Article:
We have a large family, as some of you know.   We have seven sons.I am very sentimental about things all of our sons have made and brought home all of the past years.  If we had not had a flood in Santa Barbara in 1969, and lost almost everything thing, I would be dead today buried in the debris of pictures, and drawings, and notes, and birthday cards from our children.  Can you imagine how high my collection would be of all of the work of their little hands?
As the boys brought things home from school or church at Christmas holiday time, everything found its place in the living room where the Christmas tree always was in the Santa Barbara home.   Their decoration became a “special” decoration of that year, and was displayed either on the coffee table or at least in clear view . . .often on the tree that was almost twenty feet tall.   The tallest tree was always the Fenwick tree because we had a two-story living room.  It was a magnificent tree and we loved to make everything lovely.
One year, one of the boys brought home a little wreath with small acorns clued on a round piece of corrugated cardboard.   It was fresh and really sweet, though not a decorator showcase piece; it was placed on the coffee table with a fresh candle in it.
That first year, as the tree was taken down, and the decorations all stored for the next year, the wreath was wrapped up gently in tissue to be used year after year in some spot, though no longer the coffee table in the living room.   Just like most of the homemade ornaments always needed a touch of glue each year, the wreath would get a little touch-up, but never changed from it’s original state.
We moved from Santa Barbara in 1972, and one time, about ten years later, when we were putting up the tree, just like every year, out came the wreath.   Not too worn . . . but old, by now.   I opened it carefully and said, “Ah! Here is the wreath.”   My husband smiled and said, “Who made that wreath, by the way?”  “Hmmmm,” I thought . . . I would have to look. Lifting it up over my head, I read, “JACK.”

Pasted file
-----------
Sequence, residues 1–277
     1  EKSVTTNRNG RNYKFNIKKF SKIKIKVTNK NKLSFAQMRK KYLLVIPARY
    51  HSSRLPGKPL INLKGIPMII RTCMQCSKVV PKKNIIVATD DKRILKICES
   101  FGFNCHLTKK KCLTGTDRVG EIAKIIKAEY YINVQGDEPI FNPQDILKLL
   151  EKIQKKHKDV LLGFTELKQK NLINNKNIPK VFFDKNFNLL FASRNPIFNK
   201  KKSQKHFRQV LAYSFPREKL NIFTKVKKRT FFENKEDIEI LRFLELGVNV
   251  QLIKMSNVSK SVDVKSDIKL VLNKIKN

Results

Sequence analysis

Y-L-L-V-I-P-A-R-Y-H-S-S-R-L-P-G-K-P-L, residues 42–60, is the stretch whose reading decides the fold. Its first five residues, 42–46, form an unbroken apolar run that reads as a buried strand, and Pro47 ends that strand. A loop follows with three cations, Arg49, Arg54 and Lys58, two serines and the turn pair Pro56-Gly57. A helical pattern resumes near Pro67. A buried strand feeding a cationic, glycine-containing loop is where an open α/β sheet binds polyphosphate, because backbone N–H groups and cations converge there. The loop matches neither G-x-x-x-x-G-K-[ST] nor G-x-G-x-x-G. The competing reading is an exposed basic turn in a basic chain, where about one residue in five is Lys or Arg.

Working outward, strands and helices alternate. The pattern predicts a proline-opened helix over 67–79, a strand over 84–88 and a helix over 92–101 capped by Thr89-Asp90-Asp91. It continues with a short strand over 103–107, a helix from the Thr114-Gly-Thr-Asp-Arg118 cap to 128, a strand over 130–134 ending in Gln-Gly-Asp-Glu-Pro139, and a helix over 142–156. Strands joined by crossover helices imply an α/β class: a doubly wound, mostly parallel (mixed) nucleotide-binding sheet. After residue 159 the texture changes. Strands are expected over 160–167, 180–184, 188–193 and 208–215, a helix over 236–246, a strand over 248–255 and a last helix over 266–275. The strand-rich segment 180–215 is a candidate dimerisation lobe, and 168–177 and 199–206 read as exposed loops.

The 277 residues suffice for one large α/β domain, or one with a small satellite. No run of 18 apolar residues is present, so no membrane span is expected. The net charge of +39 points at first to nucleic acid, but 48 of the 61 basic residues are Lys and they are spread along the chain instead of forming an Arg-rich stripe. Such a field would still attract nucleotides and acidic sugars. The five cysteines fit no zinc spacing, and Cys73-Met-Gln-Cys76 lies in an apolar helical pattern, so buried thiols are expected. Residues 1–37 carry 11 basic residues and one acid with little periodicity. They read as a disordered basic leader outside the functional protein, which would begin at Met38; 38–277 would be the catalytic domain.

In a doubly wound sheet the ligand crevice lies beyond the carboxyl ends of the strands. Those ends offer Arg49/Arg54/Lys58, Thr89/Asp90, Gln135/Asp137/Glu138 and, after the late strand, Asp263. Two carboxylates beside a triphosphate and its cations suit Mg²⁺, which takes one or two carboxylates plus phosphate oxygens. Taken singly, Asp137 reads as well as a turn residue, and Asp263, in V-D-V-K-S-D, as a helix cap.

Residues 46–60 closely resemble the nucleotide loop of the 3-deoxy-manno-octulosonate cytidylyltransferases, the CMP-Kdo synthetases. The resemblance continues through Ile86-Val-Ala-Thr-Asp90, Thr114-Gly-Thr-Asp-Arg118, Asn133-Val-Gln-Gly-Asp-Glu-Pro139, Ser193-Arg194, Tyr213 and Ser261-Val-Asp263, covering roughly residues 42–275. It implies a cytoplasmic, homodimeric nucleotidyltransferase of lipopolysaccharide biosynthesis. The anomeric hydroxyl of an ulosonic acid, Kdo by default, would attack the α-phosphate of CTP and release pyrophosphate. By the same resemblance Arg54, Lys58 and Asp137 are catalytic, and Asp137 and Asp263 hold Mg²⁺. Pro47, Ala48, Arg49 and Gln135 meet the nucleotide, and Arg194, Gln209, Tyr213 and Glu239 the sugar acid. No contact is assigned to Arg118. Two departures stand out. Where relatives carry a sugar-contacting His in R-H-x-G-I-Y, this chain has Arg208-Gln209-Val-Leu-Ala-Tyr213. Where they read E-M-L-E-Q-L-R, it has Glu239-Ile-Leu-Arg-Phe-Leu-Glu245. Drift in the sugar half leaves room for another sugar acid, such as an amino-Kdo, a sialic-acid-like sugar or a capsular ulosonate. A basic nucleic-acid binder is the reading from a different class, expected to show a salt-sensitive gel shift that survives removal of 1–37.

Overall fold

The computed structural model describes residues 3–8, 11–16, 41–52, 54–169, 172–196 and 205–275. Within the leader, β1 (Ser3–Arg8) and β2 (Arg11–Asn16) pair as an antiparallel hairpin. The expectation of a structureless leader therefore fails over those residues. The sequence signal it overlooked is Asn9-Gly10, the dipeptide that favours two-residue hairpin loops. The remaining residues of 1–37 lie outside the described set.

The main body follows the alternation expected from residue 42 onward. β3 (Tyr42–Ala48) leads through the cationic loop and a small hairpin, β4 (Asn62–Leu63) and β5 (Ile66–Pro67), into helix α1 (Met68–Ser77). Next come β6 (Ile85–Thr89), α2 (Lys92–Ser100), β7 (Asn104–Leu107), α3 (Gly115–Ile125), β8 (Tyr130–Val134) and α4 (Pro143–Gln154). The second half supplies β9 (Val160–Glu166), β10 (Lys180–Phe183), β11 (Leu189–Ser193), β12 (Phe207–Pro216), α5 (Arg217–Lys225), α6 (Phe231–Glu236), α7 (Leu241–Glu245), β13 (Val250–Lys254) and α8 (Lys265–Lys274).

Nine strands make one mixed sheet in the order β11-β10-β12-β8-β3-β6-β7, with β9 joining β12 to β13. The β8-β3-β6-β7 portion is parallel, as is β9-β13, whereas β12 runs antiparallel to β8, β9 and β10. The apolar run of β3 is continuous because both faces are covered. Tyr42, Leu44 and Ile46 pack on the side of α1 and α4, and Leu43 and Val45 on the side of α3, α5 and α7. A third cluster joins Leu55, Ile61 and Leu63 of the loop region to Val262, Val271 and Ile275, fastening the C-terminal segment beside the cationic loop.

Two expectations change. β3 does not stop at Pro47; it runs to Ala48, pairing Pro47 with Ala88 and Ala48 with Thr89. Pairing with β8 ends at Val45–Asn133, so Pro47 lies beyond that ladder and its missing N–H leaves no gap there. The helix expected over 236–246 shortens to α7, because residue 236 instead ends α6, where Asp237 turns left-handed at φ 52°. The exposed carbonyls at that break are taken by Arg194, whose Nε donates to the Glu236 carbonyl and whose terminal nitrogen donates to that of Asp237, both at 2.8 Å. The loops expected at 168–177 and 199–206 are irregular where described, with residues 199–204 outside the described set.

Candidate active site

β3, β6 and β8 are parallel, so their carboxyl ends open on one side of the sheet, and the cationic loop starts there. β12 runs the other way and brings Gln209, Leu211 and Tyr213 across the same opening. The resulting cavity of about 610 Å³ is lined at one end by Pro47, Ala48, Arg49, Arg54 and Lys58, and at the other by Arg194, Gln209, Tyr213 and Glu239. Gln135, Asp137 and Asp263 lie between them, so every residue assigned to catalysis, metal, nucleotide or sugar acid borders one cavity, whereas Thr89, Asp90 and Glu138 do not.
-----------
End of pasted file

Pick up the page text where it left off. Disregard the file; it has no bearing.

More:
We have a Ted, a Tom, a Tim, a Larry, a Michael, a Christopher and a Jonathan  . . . but we have no Jack.
My husband and I stood and laughed until tears came down our faces.  Here we are, two sentimental people with Jack’s wreath, and somewhere a mother received our son’s wreath and possibly heaved the little cardboard wreath that first year.
I have no idea how long we have had the wreath.   It was high and dry during the flood so it could be as old as 1964, give or take . . . but we still have Jack’s wreath.  We now live in Half Moon Bay, and with great joy, every year we open the tissue very carefully as we say, “Ah . . .here it is, Jack’s wreath!”    We will open it tonight, my husband and I, as we do the tree alone, now.  Jack’s wreath goes on the grand piano; because it is grand to us . . . it stands on a glass plate with a red candle in the center.   Sometimes on Christmas Day, we put it on the coffee table because we like to remember Jack, whoever he was.   Our children now in their 30s and 40s always ask about Jack’s wreath.   They simply say, “Where is Jack’s wreath?”
No one knows who Jack was.    Just a boy in a school where our children attended.  He may not even know who Jesus is.
So today, Lord, I pray for Jack, and others like him, who may not know you; that you will have your Spirit hover about them and bring them to a fullness of you, knowing you, and why we do these funny things  . . . like decorate trees, give gifts, and make wreaths out of acorns and corrugated cardboard . . . and save them . . . tenderly . . . oh so tenderly.


Pin It on Pinterest

Share This